The replacement of a pitch, a stand or a whole stadium can offer opportunities for souvenirs, whether obtained legally or otherwise.
The Charlatans' drummer Jon Brookes – now happily recovered from a brain tumour after collapsing on tour in September – recalls being at the home of his brother and fellow West Bromwich Albion fan Tim, who was having an extension built to his house in Wednesbury at the same time as the Birmingham Road End of The Hawthorns was being redeveloped.
Jon suggested it would be a good idea to have "a few bricks from the Brummie" in the extension, so they drove to the ground after dark. Jon climbed a wall and threw bricks for his brother to load into his Capri. Only when back at the house did they work out the source of the overpowering smell.
"What we'd done was get the bricks from the old toilet block," Jon said. "Sixty years of Brew XI was on those bricks from blokes moaning about Bobby Robson and Jeff Astle. They still ended up in the extension, though it took a few months before it started smelling normal."
A real kick up the Arsenal
As Neil Banfield, the Arsenal reserve-team manager, put it: "You don't expect an Arsenal team, at any level, to get beat 10-1." But that was the unlikely result when his side, previously top of the table in the Premier Reserve League South, met Aston Villa at Hinckley United's ground last Monday.
Villa scored five times in each half to humiliate an Arsenal team who had defender George Brislen-Hall sent off after 11 minutes.
With the first team short of centre-halves and the reserves' captain Ignasi Miquel – from Barcelona – being held back as cover for the Carling Cup tie at Ipswich, it was a depleted Arsenal defence, but Banfield admitted to shock at the way the young side capitulated.
"It's a major embarrassment," he said. "It's a lack of character and that's what I'm really disappointed about."
Villa duly replaced them as league leaders after a game that had a dramatic effect on the goal difference of both teams.
Lampard beats the bank
Fame indeed for former public schoolboy Frank Lampard, who last week found himself the subject of the main "leader" in The Times no less; and for once in such exalted circles, a footballer was being praised rather than buried under the usual pile of ordure.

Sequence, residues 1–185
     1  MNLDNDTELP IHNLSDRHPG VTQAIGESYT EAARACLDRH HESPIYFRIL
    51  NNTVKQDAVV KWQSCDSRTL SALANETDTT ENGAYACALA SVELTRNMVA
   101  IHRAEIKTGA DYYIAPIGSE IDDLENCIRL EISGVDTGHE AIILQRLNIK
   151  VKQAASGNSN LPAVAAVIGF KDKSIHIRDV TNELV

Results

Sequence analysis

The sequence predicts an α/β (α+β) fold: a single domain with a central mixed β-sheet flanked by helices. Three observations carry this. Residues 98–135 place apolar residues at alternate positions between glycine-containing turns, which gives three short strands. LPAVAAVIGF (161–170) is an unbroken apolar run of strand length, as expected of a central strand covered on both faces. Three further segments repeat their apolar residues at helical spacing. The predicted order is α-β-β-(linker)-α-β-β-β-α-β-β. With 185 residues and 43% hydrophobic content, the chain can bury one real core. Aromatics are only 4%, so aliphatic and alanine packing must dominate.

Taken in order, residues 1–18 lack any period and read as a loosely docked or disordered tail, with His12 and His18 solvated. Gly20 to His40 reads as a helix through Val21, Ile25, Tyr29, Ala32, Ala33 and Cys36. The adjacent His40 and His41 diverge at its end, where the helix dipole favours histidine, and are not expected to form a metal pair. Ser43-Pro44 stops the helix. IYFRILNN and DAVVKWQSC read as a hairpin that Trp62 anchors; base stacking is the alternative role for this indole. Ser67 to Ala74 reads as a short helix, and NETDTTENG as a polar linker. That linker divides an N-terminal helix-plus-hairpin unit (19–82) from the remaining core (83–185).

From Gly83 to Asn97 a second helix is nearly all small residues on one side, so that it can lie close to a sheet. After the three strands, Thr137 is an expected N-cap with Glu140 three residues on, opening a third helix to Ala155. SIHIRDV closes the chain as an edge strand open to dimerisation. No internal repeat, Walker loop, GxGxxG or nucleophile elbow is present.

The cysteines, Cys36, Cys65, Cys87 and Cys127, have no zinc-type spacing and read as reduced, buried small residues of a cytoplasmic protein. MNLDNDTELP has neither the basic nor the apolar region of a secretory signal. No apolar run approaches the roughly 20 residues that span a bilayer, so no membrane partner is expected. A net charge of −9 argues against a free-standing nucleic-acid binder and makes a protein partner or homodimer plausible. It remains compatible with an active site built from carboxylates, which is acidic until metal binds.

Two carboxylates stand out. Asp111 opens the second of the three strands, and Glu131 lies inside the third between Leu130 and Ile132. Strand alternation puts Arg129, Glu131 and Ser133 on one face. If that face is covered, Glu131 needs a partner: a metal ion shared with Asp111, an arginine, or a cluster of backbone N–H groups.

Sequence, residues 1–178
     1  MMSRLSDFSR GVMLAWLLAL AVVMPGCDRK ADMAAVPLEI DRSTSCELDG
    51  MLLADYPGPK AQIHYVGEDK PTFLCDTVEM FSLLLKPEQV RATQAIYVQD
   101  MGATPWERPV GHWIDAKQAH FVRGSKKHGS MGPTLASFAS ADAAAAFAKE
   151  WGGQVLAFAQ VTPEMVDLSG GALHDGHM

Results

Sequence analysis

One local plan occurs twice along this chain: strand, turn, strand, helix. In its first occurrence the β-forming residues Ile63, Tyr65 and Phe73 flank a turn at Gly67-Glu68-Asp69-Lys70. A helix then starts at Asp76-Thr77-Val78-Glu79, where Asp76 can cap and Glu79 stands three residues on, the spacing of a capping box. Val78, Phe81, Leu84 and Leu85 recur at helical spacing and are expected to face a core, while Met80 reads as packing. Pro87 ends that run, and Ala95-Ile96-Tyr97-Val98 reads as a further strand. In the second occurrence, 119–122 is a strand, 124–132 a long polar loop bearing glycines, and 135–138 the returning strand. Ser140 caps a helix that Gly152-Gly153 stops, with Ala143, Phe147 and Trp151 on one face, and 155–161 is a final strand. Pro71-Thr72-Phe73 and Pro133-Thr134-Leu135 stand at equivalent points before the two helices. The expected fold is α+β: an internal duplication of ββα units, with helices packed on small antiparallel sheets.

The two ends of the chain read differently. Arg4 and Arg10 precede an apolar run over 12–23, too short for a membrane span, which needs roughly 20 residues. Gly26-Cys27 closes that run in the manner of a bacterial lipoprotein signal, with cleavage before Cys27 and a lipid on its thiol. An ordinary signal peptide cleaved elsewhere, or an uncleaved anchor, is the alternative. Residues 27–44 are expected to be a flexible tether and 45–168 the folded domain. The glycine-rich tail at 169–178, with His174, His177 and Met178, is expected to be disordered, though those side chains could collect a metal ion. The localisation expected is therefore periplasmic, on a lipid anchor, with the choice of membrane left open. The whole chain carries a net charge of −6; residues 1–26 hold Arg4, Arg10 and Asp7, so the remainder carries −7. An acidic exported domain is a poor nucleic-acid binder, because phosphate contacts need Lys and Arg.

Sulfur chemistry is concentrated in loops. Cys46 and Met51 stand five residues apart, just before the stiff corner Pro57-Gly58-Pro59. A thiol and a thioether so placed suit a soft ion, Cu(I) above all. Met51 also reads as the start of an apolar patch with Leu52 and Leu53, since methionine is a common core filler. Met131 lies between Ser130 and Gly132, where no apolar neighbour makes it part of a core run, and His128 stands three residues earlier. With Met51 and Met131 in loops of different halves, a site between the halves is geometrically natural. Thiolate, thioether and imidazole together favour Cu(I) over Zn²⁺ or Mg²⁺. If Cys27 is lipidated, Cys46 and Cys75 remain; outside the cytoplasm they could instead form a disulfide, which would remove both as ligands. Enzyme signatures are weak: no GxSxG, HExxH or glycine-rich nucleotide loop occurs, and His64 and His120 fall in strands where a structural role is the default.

The gist of the argument was that the economic justification for top players' wages was far greater than for bankers' bonuses because "it is a payment for Mr Lampard's great skill and professionalism, which are matched by only a handful of similarly well-paid players". In contrast, The Times said, "bankers are being paid superstar wages without being superstars". And who could argue with that?
Muir the merrier in replay
Following last week's report about non-League clubs suffering from the bad weather, Bradford Park Avenue finally played a home game on Tuesday night, for the first time since 30 October. They must have wondered if it was worth the trouble, however; local rivals AFC Halifax won the Evo-Stik League Challenge Cup tie 3-0 before a crowd of just 245.
Meanwhile, after the Highland League secretary John Grant admitted that it might be necessary to extend their season, another whole Saturday programme was wiped out because of frozen pitches.
But, on Wednesday, Threave Rovers, from Castle Douglas, the South of Scotland League champions, staged their Scottish Cup third-round replay against Stenhousemuir after 15 postponements. It was the Warriors' first game since the original tie on 20 November, since when Davie Irons, who played for them that day, has taken over as manager of Stenhousemuir.
His inside knowledge obviously paid off: Threave 1 Stenhousemuir 5.